The Society for the Diffusion of Useful Knowledge

March-August 2019

Events are FREE and open to the public. All are welcome.

Gillian Dykeman, Revolution Revolution, 2017. Courtesy the artist.


The Society for the Diffusion of Useful Knowledge (SDUK) is a public program and publication series produced by the Blackwood Gallery, University of Toronto Mississauga. Designed to build artistic and environmental literacy and support community engagement, the SDUK platform circulates research, ideas, and debates from a range of exigent discourses and practices, including those among the visual arts, environmental humanities, public policy, political economy, sustainable design, science and technology studies, extinction studies, and the major scientific and cultural debate of a generation—the Anthropocene. This programming is part of The Work of Wind: Air, Land, Sea, a site-specific exhibition, public program, and publication series designed to expand perspectives on climate change through artistic practices, cultural inquiry, and political mobilization.

A series of public programs will be taking place in wards across the City of Mississauga from March to August 2019. For complete details and updates, visit


Bomb Book Reading + Conversation
Andrea Pinheiro and Joshua D. Pilzer
March 13, 2019
e|gallery, main floor, CCT Building


Revolution Revolution
Gillian Dykeman
March 29-31, 2019
Various locations across Mississauga

For more information please visit


Gillian Dykeman is a multi-disciplinary artist based in Fredericton, New Brunswick. Working through an intersectional feminist and postcolonial framework, Dykeman seeks to empower her audiences in their own lives through playful and critical engagement with visual culture. Her work spans mediums and disciplines such as performance, video, sound, installation, and art criticism. She has a Masters in Visual Culture from the University of Toronto, and a Bachelor of Fine Arts from NSCAD. Dykeman is an instructor in Foundation Visual Arts and Advanced Studio Practice at the New Brunswick College of Craft and Design. Her work has been exhibited and screened in galleries, exercise studios, a rare book library, and a geodesic dome.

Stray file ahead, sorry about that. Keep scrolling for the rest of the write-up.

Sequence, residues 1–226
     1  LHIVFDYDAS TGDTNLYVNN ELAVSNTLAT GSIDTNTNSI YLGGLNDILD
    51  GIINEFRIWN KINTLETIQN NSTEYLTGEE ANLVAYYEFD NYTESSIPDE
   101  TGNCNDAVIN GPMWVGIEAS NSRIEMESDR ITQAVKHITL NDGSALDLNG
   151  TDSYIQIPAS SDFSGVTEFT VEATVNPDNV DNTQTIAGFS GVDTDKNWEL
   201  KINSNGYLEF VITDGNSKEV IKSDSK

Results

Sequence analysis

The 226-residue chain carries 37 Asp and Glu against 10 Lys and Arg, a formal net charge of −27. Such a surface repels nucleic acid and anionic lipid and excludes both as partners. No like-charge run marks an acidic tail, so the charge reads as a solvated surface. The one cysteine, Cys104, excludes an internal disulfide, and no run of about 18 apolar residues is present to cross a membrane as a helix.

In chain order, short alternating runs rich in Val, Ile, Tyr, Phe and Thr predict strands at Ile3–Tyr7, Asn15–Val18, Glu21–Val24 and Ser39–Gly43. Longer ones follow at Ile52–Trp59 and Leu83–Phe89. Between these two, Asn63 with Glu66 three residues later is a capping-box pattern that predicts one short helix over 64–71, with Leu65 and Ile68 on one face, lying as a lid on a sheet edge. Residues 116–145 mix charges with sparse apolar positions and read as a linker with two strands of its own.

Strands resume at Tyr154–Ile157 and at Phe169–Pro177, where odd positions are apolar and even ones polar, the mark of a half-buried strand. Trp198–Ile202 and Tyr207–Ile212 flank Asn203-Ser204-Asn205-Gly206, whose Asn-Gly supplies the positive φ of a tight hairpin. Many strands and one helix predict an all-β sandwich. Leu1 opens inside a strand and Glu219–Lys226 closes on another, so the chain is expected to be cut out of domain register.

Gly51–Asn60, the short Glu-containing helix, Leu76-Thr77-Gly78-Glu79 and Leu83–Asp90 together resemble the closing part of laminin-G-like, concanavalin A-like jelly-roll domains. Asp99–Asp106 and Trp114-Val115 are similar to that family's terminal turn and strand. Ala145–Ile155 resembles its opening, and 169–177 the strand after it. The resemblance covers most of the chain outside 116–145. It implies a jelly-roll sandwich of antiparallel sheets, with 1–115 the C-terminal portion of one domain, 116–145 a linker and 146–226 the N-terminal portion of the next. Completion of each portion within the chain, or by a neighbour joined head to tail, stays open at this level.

Joshua D. Pilzer is Associate Professor of Ethnomusicology in the Faculty of Music, University of Toronto, and an affiliate faculty of the Centre for the Study of Korea. His research focuses on the anthropology of music in modern Korea and Japan, women's musical worlds, and the relationships between music, survival, memory, traumatic experience, marginalization, disability, public culture, mass media, social practice and identity. He is particularly interested in everyday musical practice as a life resource, and in the “musical” features of so-called extra-musical practices like speech and everyday movement. He is the author of Hearts of Pine: Songs in the Lives of Three Korean Survivors of the Japanese ‘Comfort Women’ (Oxford, 2012) and since 2011 has been conducting fieldwork for his next book project, an ethnography of music and song among Korean victims of the atomic bombing of Japan and their children. That book is tentatively titled The Art of Making Life Work in “Korea’s Hiroshima.”

Andrea Pinheiro is an artist and curator working in photography, print, paint, film, and installation. She has exhibited across Canada and internationally, at Presentation House (Polygon) Gallery, the Art Gallery of Ontario, the Art Gallery of Vancouver, the Art Gallery of Alberta, the Novosibirsk Graphic Triennial, The Kyoto Museum of Art, and Or Gallery, Berlin. She has completed residencies at the Banff Centre for the Arts, AB, Montello Foundation, Nevada, and SIM Reykjavik, Iceland as well as a curatorial residency at Unitt Pitt in Vancouver, BC. Her work is represented by Cooper Cole Gallery in Toronto and Republic Gallery in Vancouver. She is an Associate Professor at Algoma University in Sault Ste. Marie, ON and is the director of 180 Projects, an experimental exhibition space.


The Work of Wind: Air, Land, Sea is produced in collaboration with the University of Toronto Mississauga and the City of Mississauga.

This is one of the 200 exceptional projects funded in part through the Canada Council for the Arts’ New Chapter program. With this $35M investment, the Council supports the creation and sharing of the arts in communities across Canada.